UCL Department of Science, Technology, Engineering and Public Policy


STEaPP’s Jeremy Webb leads the launch of new global solar energy standards

11 November 2019

A series of new UN standards are set to drive global investment in renewable energy by enabling governments and companies around the world to compare alternative energy sources.

Jeremy Webb

The Solar Specifications were developed by the Solar Energy Sub-Group of the United Nations Economic Commission for Europe (UNECE)'s Expert Group on Resource Management (EGRM), which is chaired by STEaPP doctoral candidate and former United Nations staff member, Jeremy Webb. The specifications will allow, for the first time, governments and companies to compare the benefits and risks of investing in solar energy projects with competing renewable and non-renewable sources in a systematic way. 

Jeremy Webb said: “A lot of people, banks included, want to invest in solar energy projects but aren’t necessarily experts in solar energy. By using the Solar Specifications, these investors can see how mature a project is in terms of technology and socio-economic viability and make informed decisions.”

Renewable energy now accounts for around one third of global power generation capacity, with much of this growth led by investments in solar and wind energy. As the costs of renewables continue to fall, solar and wind energy are now considered cost-competitive with fossil fuel-fired power plants and represent the cheapest options for electricity generation in many countries. The European Commission has included both solar and offshore wind as key components of its long-term strategy for reaching carbon neutrality by 2050.

Jeremy Webb said: “With electric vehicles and rapidly changing energy demand, it is important that we have a matching energy resources. In fact, it would be ideal if publicly traded energy companies could report commercial solar energy resources with oil and gas reserves, but this is something we need to discuss further with stock exchanges and regulators.”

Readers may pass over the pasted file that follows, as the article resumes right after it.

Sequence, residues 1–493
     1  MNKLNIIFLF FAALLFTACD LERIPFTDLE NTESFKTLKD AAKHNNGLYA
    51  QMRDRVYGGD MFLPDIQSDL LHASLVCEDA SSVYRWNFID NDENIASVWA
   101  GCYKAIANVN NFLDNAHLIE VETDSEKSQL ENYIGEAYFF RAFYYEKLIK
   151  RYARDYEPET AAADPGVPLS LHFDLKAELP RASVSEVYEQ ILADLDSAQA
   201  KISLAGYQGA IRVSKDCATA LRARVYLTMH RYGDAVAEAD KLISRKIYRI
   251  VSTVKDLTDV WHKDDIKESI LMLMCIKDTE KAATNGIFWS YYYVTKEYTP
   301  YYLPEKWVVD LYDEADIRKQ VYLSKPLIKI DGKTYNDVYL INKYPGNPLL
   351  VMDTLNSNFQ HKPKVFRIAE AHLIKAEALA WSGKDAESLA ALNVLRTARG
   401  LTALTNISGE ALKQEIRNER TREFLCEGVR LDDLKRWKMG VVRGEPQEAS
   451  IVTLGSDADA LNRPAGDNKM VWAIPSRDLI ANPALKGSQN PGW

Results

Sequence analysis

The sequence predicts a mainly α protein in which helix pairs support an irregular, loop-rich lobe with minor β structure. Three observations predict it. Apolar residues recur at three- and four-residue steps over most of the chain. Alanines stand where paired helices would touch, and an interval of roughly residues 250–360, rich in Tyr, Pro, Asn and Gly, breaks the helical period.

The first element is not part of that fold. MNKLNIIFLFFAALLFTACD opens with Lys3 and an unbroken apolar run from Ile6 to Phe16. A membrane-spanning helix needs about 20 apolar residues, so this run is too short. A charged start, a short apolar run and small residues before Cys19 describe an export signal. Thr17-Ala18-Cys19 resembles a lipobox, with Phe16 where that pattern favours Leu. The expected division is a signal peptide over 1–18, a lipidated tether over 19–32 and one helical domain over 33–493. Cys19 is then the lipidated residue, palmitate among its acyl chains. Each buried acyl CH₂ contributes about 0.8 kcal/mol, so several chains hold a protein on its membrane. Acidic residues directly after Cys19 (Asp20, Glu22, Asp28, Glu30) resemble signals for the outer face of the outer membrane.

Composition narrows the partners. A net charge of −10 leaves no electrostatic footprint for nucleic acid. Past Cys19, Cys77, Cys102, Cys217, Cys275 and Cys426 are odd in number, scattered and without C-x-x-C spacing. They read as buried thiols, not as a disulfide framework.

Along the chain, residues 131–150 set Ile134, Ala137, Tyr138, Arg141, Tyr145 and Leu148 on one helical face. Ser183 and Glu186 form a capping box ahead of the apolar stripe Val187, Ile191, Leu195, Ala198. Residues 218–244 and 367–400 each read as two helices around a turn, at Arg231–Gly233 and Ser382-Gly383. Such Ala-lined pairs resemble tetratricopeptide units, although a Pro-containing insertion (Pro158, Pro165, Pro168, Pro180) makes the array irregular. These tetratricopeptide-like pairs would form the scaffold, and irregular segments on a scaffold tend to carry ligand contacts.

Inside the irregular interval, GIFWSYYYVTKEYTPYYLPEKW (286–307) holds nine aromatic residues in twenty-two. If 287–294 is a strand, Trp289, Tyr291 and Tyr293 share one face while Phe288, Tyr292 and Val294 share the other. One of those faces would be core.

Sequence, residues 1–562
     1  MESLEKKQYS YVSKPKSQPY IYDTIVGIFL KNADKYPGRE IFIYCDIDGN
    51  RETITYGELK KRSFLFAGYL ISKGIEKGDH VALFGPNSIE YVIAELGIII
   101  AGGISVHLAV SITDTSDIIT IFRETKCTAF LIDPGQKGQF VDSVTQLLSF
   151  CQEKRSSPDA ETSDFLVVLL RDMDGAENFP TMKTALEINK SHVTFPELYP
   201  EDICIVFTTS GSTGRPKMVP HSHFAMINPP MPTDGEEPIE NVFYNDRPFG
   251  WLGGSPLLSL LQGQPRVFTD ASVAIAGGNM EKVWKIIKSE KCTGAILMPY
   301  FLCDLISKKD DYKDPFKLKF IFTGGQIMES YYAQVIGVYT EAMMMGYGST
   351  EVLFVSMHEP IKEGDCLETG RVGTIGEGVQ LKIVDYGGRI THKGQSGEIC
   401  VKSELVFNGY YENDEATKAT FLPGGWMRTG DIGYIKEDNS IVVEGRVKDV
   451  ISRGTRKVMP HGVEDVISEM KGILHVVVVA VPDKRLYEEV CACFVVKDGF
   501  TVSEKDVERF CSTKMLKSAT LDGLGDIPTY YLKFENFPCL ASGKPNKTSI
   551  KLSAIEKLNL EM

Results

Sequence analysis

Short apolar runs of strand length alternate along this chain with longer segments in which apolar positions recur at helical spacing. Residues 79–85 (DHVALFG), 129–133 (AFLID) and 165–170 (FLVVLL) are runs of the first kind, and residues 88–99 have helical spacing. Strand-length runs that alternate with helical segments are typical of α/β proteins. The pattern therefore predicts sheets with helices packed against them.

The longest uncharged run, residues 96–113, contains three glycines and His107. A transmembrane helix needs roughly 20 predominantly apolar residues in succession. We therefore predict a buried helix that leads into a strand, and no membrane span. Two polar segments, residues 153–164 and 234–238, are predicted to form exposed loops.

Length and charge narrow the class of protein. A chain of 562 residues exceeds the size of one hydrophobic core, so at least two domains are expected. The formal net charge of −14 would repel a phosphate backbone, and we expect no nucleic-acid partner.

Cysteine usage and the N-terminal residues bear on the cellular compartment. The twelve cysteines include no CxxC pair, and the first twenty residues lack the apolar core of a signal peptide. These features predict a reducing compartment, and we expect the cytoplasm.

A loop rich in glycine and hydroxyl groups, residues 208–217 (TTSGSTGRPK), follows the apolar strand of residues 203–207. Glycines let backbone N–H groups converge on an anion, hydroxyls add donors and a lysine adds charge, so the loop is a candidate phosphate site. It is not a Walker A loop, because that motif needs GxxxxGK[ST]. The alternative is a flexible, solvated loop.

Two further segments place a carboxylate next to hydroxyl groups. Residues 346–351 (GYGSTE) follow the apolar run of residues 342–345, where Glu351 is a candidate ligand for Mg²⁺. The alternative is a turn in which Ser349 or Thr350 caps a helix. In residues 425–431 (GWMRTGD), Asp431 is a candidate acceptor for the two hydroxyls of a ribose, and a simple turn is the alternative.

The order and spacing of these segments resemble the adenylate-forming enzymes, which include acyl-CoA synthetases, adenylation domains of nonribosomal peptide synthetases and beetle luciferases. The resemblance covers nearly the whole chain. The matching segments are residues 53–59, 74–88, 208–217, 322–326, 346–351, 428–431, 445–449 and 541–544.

The Solar Energy Sub-Group, which also includes STEaPP Honorary Lecturer, Dr Long Seng To, hope that the standards will accelerate the global move towards sustainable energy as they provide a way of making a like-for-like assessment on competing energy resources.  

The specifications are part of the United Nations Framework Classification for Resources (UNFC), a global system used by countries and companies to classify and report both non-renewable and renewable resources. 

Speaking about the urgency to transition to a sustainable energy future, UNECE Sustainable Energy Director Scott Foster noted “With the solar and wind specifications now operational, UNFC has taken yet another step to becoming the global system of classification for the world’s energy system. We encourage all energy resource stakeholders to use UNFC to optimize their resource portfolios in line with the 2030 Agenda for Sustainable Development, thereby contributing to investment in and development of sustainable energy.”

The UN are now collecting case studies to demonstrate the real-world applications of the specifications and raise awareness of their value for investments in solar and other forms of renewable energy production. Any enquiries on developing these case studies should be sent to: jeremy.webb@challenge.institute